A 66-year-old white female came into the office of John G. Randall, O.D., of Sherman, Texas, with complaints of decreased vision. Upon examination, her best-corrected visual acuity in her right eye had decreased to 20/50 since her last exam, with evidence of corneal edema. There was no evidence of cataract or retinal pathology.

“Specular microscopy helped to identify her cornea as the reason for the decreased vision,” Dr. Randall says. He diagnosed her with Fuchs’ endothelial dystrophy and prescribed Muro 128.5% (sodium chloride, Bausch + Lomb). Within days, her best-corrected visual acuity improved to 20/30.

“I don’t use the specular microscope on every patient,” Dr. Randall says. But “I feel that every optometrist should have one, especially if they fit contact lenses. Without being able to see the corneal endothelium, we are fitting contact lenses blind.”

This is but one example of how new technology can improve a practice’s patient care.

If “improving patient care” is the primary reason why you bought that new piece of equipment, you’re in good company. More than four out of five (82%) of your fellow optometrists think the same way. Way down on that list are the other reasons, such as “increasing revenue” (5%), “upgrading technology” (5%) and “improving efficiency” (4%).

Even in these troubled economic times, optometrists are putting patient care—not profits—first. Indeed, most optometrists surveyed (69%) say their most recent major equipment purchase had increased their profit only “somewhat.” About one in five (20%) say the instrument had no effect on profitability. Only 8% say the purchase increased profit dramatically.

These are the results of our Annual Diagnostic Technology Survey, based on the responses from 228 optometrists to an e-mail questionnaire.

O.D.s’ Most Wanted
What’s at the top of most optometrists’ wish lists for new equipment?

• Digital fundus camera. Nearly half (46%) have bought or want to buy a digital fundus camera. It “has helped to monitor any changes that a patient has. Patients also like seeing what the back of their eye looks like and having it explained to them,” says Tammy L. Warmouth, O.D., of Luzerne, Pa. “We have been able to bill for this new service, and it has increased our revenue along with increasing patient retention and new referrals.”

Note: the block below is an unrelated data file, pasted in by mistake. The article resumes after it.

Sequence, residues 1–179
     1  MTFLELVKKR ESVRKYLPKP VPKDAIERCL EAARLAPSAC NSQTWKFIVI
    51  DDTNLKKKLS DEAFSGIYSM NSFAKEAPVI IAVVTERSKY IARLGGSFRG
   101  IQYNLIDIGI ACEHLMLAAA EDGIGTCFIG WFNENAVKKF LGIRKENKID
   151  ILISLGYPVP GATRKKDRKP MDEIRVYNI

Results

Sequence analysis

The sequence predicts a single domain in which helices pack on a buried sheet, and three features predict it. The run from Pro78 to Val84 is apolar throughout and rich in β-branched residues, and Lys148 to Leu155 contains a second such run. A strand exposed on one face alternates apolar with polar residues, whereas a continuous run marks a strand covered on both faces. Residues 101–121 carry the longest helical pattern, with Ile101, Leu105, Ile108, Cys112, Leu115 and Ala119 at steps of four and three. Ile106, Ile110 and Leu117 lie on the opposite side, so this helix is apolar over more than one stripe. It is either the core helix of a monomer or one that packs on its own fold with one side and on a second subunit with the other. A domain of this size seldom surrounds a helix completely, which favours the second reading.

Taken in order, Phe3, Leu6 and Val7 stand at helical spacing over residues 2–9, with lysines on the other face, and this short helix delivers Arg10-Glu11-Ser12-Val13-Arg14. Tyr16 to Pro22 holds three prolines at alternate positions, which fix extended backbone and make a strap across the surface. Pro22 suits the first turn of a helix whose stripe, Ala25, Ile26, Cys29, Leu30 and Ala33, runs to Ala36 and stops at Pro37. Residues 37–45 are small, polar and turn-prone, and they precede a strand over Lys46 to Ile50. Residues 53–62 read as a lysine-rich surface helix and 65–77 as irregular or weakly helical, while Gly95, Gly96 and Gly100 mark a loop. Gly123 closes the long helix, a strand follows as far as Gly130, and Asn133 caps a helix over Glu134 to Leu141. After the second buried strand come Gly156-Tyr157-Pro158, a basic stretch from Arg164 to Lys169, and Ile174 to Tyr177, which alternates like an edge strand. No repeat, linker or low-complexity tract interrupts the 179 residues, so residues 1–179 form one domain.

Optometrist Larry Cusma added a digital retina camera to his private practice in Scotia, N.Y., to help increase his primary care services. “I’m seeing a lot of diabetics referred by area practitioners, and I always send a detailed report, including a copy of the latest retinal photos,” Dr. Cusma says. “Sending a detailed report plus a photo has increased the number of referrals to our office dramatically over the past few years. My practice now is more geared towards treatment and management of eye disease, and less dependent on eyewear sales.”

• Electronic medical records. Two in five (39%) of respondents are sizing up EMR systems and/or software that integrate equipment and practice management programs.

“There’s no more looking for a patient’s chart that was ‘eaten’ by the office,” says optometrist Buck Buchanan, of Montrose, Colo. And, “it’s a major time saver for insurance filing.”

“Our computerized appointment book, which was six years old, died from over-expansion,” says Caren Weisz, M.Ed., O.D., of Joliet, Ill. “Officemate had a medical records and practice management offer that made sense and will prepare us for the future.”

Why prepare for the future? Because Uncle Sam says so. In 2009, Congress passed the Health Information Technology for Economic and Clinical Health Act (HITECH Act). The HITECH Act mandates that if you don’t adopt an electronic records system by 2015, you’ll be penalized 1% of your Medicare payments, increasing to 3% over three years.

Currently, 46% of survey respondents use EMR—that’s up from 39% last year. Compared with only 20% of all physicians nationwide who use EMR, optometrists are apparently among the early adopters.1

• Perimeter/visual field analyzer. About three out of 10 O.D.s (29%) have one of these instruments on their shopping list. “I wanted to be able to be on the same level as M.D.s when I refer to them,” says Ivan Tsai, O.D., of Huntington Beach, Calif. “The [Humphrey Visual Field Analyzer] has allowed me to be able to have the whole picture of treating glaucoma patients, and allows them to stay in-house completely.”